It usually goes something like this: reducing energy consumption is a sustainable thing to do Ã¯Â¿Â½ low-energy light bulbs reduce the use of energy Ã¯Â¿Â½ therefore low-energy light bulbs are sustainable. Sounds reasonable, but as all you aficionados of Aristotle will know, thatÃ¯Â¿Â½s just a plain old syllogism Ã¯Â¿Â½ an inference Ã¯Â¿Â½ itÃ¯Â¿Â½s faulty logic. Which is a pity, because it seems as though an entire industry is either fooling itself or trying to fool the rest of us into believing thatÃ¯Â¿Â½s itÃ¯Â¿Â½s true.
Making a low-energy light fitting does not take a genius as we can see from the fact that everyone and their ancient relatives are doing it. And it doesnÃ¯Â¿Â½t take too much extra effort to make a low-energy light fitting that complies with the regulations (Building Regs. Part L, for those of you sitting at the back). And it doesnÃ¯Â¿Â½t really help when the powers (that be) loosen the requirements for compliance to something so meaningless as to be downright foolish.
Sorry - ItÃ¯Â¿Â½s an opinion, and its all mine.
Perhaps this is all perfectly understandable. WeÃ¯Â¿Â½re in the direct path of a major resource crisis, but its all been wrapped up in the old-fashioned trappings of an energy crisis, so perhaps we choose not to see it as it is, only as weÃ¯Â¿Â½d prefer it to be. But this is probably the big one, so weÃ¯Â¿Â½d be better off setting out some ground rules for where we ought to be heading from here.
Ideally, Sustainable production means taking nothing that canÃ¯Â¿Â½t easily be replaced and replaced within a reasonable span of time. A barrel of oil cannot be replaced in a reasonable span of time. ItÃ¯Â¿Â½s extraction simply takes away and leaves future generation (our children and grandchildren and those who come after them) with less and that is not a sustainable situation. At the same time Ã¯Â¿Â½ and being very topical Ã¯Â¿Â½ replacing oil-based fuel with plant-based biomass fuel is no more sustainable if the land being used was originally growing food. It might be good for business, but itÃ¯Â¿Â½s a bit rough on the communities that were relying on the food. Waste is another issue. The conventional view is that waste is Ã¯Â¿Â½someone elseÃ¯Â¿Â½s problemÃ¯Â¿Â½, although the someone in question is rarely identified. Throwing stuff away doesnÃ¯Â¿Â½t work any more. The global community has shown us that Ã¯Â¿Â½awayÃ¯Â¿Â½ has gone away. Its all our own backyard. We can no longer afford to do business this way. ItÃ¯Â¿Â½s been called Ã¯Â¿Â½mortgaging the futureÃ¯Â¿Â½. Others have called it what it really is: stealing from our kids.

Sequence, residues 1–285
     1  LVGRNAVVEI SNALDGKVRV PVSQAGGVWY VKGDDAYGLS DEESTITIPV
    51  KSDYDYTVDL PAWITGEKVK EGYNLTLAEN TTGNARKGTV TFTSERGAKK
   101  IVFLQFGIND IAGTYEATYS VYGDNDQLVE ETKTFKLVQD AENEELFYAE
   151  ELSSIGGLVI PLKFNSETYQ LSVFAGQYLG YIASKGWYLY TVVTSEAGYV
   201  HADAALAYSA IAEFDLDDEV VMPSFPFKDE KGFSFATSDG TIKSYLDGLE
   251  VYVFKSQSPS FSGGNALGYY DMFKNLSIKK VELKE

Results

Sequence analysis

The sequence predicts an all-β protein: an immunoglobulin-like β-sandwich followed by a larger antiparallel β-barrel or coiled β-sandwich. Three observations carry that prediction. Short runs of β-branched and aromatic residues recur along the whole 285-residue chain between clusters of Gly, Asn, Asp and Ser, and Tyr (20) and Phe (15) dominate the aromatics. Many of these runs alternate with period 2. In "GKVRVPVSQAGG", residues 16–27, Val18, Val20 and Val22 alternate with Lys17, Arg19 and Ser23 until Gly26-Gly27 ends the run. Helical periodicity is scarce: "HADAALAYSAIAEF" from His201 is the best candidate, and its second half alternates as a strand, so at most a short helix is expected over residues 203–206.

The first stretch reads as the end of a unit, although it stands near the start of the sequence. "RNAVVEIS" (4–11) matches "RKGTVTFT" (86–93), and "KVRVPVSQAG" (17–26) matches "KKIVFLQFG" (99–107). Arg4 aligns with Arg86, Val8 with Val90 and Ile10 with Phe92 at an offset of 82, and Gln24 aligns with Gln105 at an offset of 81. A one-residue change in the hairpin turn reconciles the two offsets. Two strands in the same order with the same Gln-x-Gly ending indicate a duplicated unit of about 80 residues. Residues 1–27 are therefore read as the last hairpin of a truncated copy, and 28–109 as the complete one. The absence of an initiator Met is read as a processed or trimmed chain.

Of course, sustainability in practice is a bit more rough and ready than just waving a magic wand or expecting a non-existent world government to save us; we are where we are and all we can hope for is to shift things along in the direction that we need to go in.
For now, I want the UK lighting industry to think about a shopping list of what all this sustainability malarkey will mean for the board of directors:
* product design that embraces the closed cycle of use and re-use rather than the old take-make-waste practices of old.
* manufacturing management that identify and then reduce material and resource usage.
* waste management that roots out inefficient practices and reduces the amount of stuff that we throw away (there is no Ã¯Â¿Â½awayÃ¯Â¿Â½).
* distribution management that seeks to reduce packaging and distribution costs.
* corporate management that identifies the ways that energy is wasted as a consequence of business decisions
ThatÃ¯Â¿Â½s an awful lot of Ã¯Â¿Â½managementÃ¯Â¿Â½ being look for, donÃ¯Â¿Â½t you think?
Anything else: oh yes Ã¯Â¿Â½ and make really good quality light fittings that use as little material and energy resources as possible. And all the time, remembering that the most Sustainable light fitting is the one that doesnÃ¯Â¿Â½t get switched on, so educating the wider community on its own management of resources.
Greenwashing: a guidline for good behaviour
The elephant box in the room
What Lighting Designers Should be Looking For . . . and Asking For
The Children's Fire
Products That Last - Redux
Products That Last - Review No.3
Products That Last - Review No.2
Products That Last - Review No.1
Products That Last
Talking about Waste - as we were . . .
Sustainability - They Seek it Here, They Seek it There . . .
Sustainability - the core message
The Life and Times of the LED - a series in ten parts
Sustainability: They Seek it Here; They Seek it There . . .
John Bullock writes a regular column for lighting magazines. You can find all of the archived pieces here.
BLOGS - LIGHTING DESIGN
John Bullock writes about all things and anything concerning architectural lighting design; new technologies and old lamps; anything,really.
HOME LIGHTING CONSULTANT
John Bullock designs innovative lighting designs for people's homes. By working closely with clients he is able to deliver solutions that meet - and exceed - their expectations.
BLOGS - CPD RIBA CORE PROGRAMME 2015
John Bullock will be presenting a seminar on latest lighting design and technologies as part of the RIBA CPD Core programme 2015
BLOGS - SUSTAINABILITY
John Bullock believes that the UK lighting industry needs to embrace a sustainable way of delivering good quality product through good design, fabrication and end-of-life management.
BLOGS - LIGHTING HEALTH AND WELLBEING
Lighting has a vital role to play in our health and wellbeing.
CONDUIT (6) - Lighting for Winter Gardens
CONDUIT 5: Home Lighting - LED Lighting (2)
FX Magazine: Lighting Focus - Sustainability (Issue 258)
CONDUIT 4: Home Lighting - LED Lighting (1)
Can Smart Lighting Save The Planet?
CONDUIT 3: Home Lighting - The Bathroom
Can Lighting Save Us From Ourselves . . . NO!
CONDUIT 2: Home Lighting - The Dining Room